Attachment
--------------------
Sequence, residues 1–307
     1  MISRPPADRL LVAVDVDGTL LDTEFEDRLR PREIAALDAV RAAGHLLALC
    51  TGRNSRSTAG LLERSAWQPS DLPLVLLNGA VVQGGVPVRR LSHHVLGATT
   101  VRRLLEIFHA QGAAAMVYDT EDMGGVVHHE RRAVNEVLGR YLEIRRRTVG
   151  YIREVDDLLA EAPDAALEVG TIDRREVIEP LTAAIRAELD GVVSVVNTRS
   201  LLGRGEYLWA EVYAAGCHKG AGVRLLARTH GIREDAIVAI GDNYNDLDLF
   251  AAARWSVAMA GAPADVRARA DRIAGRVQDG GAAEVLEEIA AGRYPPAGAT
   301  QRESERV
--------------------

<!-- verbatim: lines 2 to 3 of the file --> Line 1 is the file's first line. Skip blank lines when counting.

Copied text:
     1  MISRPPADRL LVAVDVDGTL LDTEFEDRLR PREIAALDAV RAAGHLLALC
    51  TGRNSRSTAG LLERSAWQPS DLPLVLLNGA VVQGGVPVRR LSHHVLGATT